Big companies are already spending as much as $800 a ton to buy carbon credits. That’s 10 times the price of allowances in the EU, the world’s biggest CO2 market.
Why are they doing this?
It’s not because they are greenwashing.
It’s because they genuinely think people will pay a small premium for consumer products that are carbon neutral.
While $800 sounds like a lot for something that’s free across 75% of the world (most polluters don’t pay a brass razoo per ton), when translated to a carbon-neutral cup of coffee it’s only a couple of cents.
Nick Gogerty, managing director of Carbon Finance Labs, says embedded carbon is going to get very real quite quickly.
While the “carbon discovery” process is just beginning in each industry for each product, it’s being spurred by carbon border policies such as that in the EU, the Paris climate deal, net-zero targets of the biggest corporates and climate clubs.
Companies have fiduciary duties to meet their net zero targets.
“One of the things you may not realise is anyone who has a net zero commitment is short a market that doesn’t exist yet.
“And that market is the removals market. You have a financial liability with that declaration, a net zero commitment, and the only way to meet that is with a removal.
“And if you’re the CFO with your fiduciary responsibility, you should be thinking ‘uh oh’. And there’s gonna be a lot more of those ‘uh ohs’ out there in the future.
“We of course are here to try and help solve that.
Emitting companies have “a massive forward liability for a market that doesn’t yet exist. And that liability keeps growing — and growing very, very rapidly. 10s of billions of dollars,” and it’s becoming so much more than that.
“The world is changing. And the question I just put forward — how much carbon is in that thing? — is going to become very real,” he told the European Carbon Summit in Barcelona today.
“It’s no longer about hearts and minds and environments. It’s about wallets,” Gogerty said.
Global carbon prices and revenues have surged to a record, the World Bank said today.
Last week G7 Leaders agreed to “explore establishing an open, cooperative international Climate Club to support the implementation of the Paris Agreement, consistent with international rules and with participation beyond the G7. We are committed to achieving a true paradigm shift, by demonstrating that ambitious climate action is conducive to strong and sustainable growth for all economies.”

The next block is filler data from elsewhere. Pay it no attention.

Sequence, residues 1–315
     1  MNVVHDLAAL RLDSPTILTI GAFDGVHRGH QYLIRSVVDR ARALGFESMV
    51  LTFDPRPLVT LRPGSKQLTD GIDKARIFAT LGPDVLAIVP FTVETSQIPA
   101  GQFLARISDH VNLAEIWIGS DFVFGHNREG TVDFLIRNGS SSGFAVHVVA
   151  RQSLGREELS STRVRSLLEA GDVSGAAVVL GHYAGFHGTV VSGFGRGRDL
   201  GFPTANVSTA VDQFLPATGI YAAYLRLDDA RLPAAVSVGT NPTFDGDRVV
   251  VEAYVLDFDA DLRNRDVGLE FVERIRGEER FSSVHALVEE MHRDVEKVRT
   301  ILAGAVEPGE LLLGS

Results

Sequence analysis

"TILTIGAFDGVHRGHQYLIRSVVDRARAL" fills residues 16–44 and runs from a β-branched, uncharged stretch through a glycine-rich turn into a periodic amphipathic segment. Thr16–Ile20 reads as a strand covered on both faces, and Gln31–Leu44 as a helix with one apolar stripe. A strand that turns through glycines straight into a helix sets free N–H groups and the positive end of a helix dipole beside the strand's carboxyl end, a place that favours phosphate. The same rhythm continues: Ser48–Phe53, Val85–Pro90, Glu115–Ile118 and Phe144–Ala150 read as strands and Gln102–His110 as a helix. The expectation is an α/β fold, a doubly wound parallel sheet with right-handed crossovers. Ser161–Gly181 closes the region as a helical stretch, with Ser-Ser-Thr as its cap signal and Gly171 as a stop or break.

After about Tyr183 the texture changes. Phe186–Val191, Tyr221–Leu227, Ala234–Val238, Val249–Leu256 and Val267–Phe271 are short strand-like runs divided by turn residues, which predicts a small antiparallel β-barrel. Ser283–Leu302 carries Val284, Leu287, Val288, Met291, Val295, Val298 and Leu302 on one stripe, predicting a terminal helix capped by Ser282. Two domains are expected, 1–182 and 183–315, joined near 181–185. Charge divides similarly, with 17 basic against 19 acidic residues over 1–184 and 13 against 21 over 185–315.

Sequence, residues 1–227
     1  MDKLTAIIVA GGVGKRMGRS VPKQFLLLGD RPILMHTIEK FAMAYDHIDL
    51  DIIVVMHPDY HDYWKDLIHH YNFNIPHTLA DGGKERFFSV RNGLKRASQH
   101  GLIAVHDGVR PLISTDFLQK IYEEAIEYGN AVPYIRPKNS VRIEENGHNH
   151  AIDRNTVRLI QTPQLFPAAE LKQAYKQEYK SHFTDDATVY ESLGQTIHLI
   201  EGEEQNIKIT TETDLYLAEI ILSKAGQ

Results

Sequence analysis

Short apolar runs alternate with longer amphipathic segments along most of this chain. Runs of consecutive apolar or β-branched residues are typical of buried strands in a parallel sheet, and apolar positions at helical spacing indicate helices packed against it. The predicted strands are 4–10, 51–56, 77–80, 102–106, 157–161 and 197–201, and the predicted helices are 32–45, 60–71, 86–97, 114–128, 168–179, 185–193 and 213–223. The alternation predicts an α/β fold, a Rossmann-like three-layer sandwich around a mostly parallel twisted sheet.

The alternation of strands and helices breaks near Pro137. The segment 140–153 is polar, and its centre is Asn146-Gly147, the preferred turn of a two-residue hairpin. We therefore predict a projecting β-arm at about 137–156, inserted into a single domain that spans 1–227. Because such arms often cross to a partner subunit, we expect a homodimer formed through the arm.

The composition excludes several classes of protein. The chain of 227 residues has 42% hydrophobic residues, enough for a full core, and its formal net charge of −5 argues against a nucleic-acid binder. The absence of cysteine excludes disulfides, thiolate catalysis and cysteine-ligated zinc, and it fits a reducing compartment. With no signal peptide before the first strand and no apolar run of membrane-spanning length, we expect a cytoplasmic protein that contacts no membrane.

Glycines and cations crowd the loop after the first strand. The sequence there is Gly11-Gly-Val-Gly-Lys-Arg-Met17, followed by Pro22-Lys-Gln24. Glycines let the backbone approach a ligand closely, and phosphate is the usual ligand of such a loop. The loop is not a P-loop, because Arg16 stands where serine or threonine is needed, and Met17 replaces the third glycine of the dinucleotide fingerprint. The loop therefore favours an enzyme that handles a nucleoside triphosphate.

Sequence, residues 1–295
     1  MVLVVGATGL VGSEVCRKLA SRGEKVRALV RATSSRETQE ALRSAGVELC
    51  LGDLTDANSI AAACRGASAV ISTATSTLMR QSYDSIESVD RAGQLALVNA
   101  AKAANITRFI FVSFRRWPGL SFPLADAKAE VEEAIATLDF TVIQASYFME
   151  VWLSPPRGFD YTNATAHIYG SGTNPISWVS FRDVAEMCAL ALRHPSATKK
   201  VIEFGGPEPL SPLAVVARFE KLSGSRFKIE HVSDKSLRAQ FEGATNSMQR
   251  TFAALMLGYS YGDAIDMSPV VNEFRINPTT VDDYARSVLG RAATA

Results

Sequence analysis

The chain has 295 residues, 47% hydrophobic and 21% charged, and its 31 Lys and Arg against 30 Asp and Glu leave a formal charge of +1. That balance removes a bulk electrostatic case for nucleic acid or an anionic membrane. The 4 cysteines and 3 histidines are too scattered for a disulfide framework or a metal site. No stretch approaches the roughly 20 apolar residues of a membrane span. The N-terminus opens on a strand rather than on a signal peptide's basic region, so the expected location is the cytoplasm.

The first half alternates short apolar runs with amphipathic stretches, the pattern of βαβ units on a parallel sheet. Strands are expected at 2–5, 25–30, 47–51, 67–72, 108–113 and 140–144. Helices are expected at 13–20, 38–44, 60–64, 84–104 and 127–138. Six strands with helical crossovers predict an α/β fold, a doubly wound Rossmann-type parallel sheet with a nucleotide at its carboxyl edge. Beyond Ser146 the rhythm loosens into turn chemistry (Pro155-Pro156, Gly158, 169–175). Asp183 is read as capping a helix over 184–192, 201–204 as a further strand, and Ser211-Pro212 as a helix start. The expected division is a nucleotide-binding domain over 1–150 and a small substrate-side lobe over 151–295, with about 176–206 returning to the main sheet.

That’s why it’s getting real, even if some nations may stay outside the club, for now.
“If you want to see action, connect something to someone’s wallet — you’re gonna see a lot of action — and a lot of demand to manage the risk exposure or to stay in business,” Gogerty said.
Even the carbon content of crude oil or natural gas used to make each product will become important when determining the product’s carbon content, he said. Wal Mart in the US is already doing this.
“The oil example I gave you earlier — (where there’s a $20 a barrel discount or premium depending where it is extracted around the world) — that same case is going to exist for steel.
“If you make steel in China, you have three times the carbon, than steel from the EU or the US. The same is going to be with the plastics, etc.
“Every single product has a hidden carbon story in it. That story is going to be revealed.
“Some people can make a lot of money, some people are going to go out of business. Hopefully we get a better environment out of that discovery process.”
China is among countries questioning whether CBAMs and climate clubs are being designed to improperly limit world trade / create trade barriers. The WTO and UNFCCC is trying to overcome these concerns.